Scientific vs Narrative Rationality and Medical Knowledge Practices
Eivind Engebretsen and Mona Baker
Cambridge University Press, in press/2022
Click here to access a full copy of Chapter 1 plus excerpts from all other chapters.
This book interrogates the assumption that evidence means the same thing to different constituencies and in different contexts by outlining a more nuanced and socially responsive approach to medical expertise that incorporates scientific and lay processes of making sense of the world and deciding how to act in it. In so doing, it provides a point of orientation for clinicians working at the coalface, whose experience is sometimes at odds with the type of rationality that underpins evidence-based medicine and that guides researchers conducting randomized controlled trials. The argument elaborated also has implications for policy makers in the healthcare system, who have to navigate similar pressures and contradictions between scientific and lay rationality to produce meaningful guidelines in the midst of a runaway pandemic. Debates within and beyond the medical establishment on the efficacy of measures such as mandatory face masks and lockdowns are examined in detail, as are various degrees of hesitancy towards vaccines and other pharmaceutical interventions. The authors demonstrate that it is ultimately through narratives that knowledge about medical and other phenomena is communicated to others, enters the public space, and provokes discussion and disagreements. Importantly, effective narratives can enhance the reception of that knowledge and reduce some of the sources of resistance and misunderstanding that continue to plague public communication about important medical issues such as pandemics.
Eivind Engebretsen is Professor of Medical Humanities, University of Oslo; Circle U Chair of Global Health; and Executive Chariman of the Center for Sustainable Healthcare Education (SHE). His publications on evidence-based medicine have drawn international attention, and he is a fellow of the Centre for Advanced Study, Norwegian Academy of Science and Letters. He has worked with Julia Kristeva to support a critical approach to the medical humanities, is author of numerous articles in leading journals such as The Lancet, Nature Medicine and Social History, and co-author of Sustainable Sexual Health: Analysing the Implementation of the SDGs (2021).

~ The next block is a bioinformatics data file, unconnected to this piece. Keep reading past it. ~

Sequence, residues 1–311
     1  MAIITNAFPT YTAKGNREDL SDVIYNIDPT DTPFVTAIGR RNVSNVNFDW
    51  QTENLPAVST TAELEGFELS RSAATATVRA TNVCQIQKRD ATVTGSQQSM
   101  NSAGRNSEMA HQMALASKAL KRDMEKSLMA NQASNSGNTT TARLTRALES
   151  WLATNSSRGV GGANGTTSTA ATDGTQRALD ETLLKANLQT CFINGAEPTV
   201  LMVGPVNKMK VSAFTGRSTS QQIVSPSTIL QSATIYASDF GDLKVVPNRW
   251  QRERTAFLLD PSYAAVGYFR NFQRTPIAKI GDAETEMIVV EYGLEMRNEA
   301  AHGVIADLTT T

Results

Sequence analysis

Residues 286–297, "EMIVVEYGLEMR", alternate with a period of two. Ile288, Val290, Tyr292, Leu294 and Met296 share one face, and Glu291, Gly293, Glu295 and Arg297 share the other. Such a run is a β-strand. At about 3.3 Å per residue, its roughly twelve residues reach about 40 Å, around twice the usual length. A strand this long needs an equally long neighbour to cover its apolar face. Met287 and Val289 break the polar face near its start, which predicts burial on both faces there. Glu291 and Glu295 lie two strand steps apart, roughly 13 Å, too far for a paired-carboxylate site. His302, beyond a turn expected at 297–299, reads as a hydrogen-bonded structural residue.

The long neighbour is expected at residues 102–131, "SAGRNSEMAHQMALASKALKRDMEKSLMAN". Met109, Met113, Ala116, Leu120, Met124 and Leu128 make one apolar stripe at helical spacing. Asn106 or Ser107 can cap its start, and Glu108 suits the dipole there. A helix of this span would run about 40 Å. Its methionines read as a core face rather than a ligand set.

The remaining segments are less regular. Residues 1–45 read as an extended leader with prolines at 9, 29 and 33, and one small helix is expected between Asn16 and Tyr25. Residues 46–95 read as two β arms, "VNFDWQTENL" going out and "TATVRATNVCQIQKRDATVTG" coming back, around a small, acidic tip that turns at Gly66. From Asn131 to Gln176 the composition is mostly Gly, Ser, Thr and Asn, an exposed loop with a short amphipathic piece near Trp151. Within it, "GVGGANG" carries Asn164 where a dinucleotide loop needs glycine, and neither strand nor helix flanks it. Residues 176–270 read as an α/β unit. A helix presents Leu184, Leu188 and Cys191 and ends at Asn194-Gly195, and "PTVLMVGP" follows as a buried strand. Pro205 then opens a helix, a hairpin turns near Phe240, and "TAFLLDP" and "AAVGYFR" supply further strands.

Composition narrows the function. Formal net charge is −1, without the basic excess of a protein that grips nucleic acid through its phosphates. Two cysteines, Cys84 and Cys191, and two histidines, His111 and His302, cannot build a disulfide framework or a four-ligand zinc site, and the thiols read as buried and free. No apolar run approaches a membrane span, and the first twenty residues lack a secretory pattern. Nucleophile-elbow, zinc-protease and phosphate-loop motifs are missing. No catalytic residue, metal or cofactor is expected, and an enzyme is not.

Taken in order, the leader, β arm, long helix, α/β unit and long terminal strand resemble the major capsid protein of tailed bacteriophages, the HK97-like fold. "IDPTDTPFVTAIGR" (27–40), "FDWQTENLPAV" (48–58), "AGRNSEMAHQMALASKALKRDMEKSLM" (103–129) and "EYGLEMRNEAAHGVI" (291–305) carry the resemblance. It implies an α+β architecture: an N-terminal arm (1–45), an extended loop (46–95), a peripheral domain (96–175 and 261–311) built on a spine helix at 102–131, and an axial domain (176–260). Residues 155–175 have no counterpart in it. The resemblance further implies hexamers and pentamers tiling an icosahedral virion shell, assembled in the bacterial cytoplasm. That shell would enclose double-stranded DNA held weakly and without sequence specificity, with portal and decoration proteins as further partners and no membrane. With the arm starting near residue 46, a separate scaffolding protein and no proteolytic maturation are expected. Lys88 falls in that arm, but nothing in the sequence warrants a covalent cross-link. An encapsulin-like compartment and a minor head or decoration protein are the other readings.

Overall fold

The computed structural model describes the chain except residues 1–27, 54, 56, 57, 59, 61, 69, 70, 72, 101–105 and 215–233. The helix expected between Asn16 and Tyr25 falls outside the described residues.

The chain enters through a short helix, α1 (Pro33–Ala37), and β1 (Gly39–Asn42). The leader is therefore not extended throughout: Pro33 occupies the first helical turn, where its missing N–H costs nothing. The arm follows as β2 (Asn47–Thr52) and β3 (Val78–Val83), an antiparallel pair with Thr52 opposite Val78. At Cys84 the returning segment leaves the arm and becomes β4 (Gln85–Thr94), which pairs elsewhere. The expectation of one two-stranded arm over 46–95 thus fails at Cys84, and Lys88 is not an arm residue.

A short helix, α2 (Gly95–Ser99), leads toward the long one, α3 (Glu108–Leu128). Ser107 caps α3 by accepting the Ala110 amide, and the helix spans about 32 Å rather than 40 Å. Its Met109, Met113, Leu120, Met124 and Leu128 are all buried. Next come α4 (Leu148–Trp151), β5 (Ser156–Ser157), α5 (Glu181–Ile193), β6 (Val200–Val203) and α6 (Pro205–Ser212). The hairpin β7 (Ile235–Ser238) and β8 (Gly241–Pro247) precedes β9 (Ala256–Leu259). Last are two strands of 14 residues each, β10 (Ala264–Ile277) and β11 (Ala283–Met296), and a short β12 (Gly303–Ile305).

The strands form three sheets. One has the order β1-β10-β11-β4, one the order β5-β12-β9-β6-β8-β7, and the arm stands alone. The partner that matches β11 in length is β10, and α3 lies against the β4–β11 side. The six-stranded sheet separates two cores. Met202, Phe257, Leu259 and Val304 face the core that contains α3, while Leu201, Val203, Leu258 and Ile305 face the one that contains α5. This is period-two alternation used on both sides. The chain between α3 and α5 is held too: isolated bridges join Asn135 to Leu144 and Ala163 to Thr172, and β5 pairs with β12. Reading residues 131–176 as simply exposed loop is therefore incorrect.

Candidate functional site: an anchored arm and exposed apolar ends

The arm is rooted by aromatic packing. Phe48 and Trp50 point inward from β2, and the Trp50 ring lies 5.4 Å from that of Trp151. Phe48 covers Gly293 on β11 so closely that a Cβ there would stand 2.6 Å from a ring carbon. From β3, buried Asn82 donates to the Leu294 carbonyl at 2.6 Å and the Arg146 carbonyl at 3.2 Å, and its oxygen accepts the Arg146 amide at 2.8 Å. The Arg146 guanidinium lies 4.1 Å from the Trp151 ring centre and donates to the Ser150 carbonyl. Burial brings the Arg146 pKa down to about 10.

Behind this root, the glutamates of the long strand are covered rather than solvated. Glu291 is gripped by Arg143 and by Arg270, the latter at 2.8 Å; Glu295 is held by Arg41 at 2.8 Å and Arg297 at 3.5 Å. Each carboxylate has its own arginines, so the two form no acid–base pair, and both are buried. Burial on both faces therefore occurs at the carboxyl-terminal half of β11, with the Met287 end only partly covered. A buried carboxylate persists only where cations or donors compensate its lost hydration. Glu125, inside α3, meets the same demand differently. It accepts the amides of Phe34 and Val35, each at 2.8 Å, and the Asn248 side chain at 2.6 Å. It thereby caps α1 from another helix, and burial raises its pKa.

Mona Baker is a translation studies scholar whose In Other Words (first published in 1992; third edition 2018) remains the best selling and most widely assigned coursebook in the field. Her Translation and Conflict: A Narrative Account (2006) was republished as a Routledge Classic in 2018. Her edited collection Translating Dissent: Voices from and with the Egyptian Revolution won the 2016 Inttranews Linguist of the Year Award. The Baker Centre for Translation and Intercultural Studies, named after her, was first established at Jiao Tong University in 2017 and later moved to Shanghai International Studies University in 2019.
Table of Contents
List of Tables and Figures
1.1. The Status of Evidence in Evidence-based Medicine (EBM)
1.2. Organization of Chapters
2.1. The Narrative Paradigm: Basic Tenets
2.2. Narrative Paradigm vs. Rational World Paradigm
2.3. Narrative Probability, Narrative Fidelity and the Logic of Good Reasons
2.3.1. Narrative Probability (Coherence)
2.3.2. Narrative Fidelity
3.1. Structural and Material (In)coherence in Expert Narratives
3.2. Transcendental Values, Narrative Accrual and Narrative Identification
3.2.1. The Logic of Good Reasons, Narrative Accrual and Identification: Public Safety and Structural Racism
3.2.2. Good Reasons, Precarious Manhood and Homophobia
3.3. Transcendental Values beyond Precariousness: Personal Freedom vs Social Responsibility
4.1 Structural/Material (In)coherence or Science vs Values in The Great Barrington and John Snow Declarations
4.2. Health, the Economy, and the State: Resonance and Lived Experience
4.3. Transcendental Values and Conceptions of Freedom
4.4. Public Health Recommendations and the Values and Principles of Evidence-based Policy Making
5.1. Structural and Material (In)coherence: Science and public policy under pressure
5.2. Characterolgical Coherence and Public Confidence in Vaccines
5.3 Transcendental Values and Conceptions of Freedom
5.4. Pure Bodies, Microchips & Genetically Modified Organisms
5.5. Resonance, Lived Experience and Trust
6.1. Limitations of Fisher’s Narrative Paradigm
6.2. Revisiting and Extending the Narrative Paradigm
6.3. Narrative Identification in the Age of Fragmented Narratives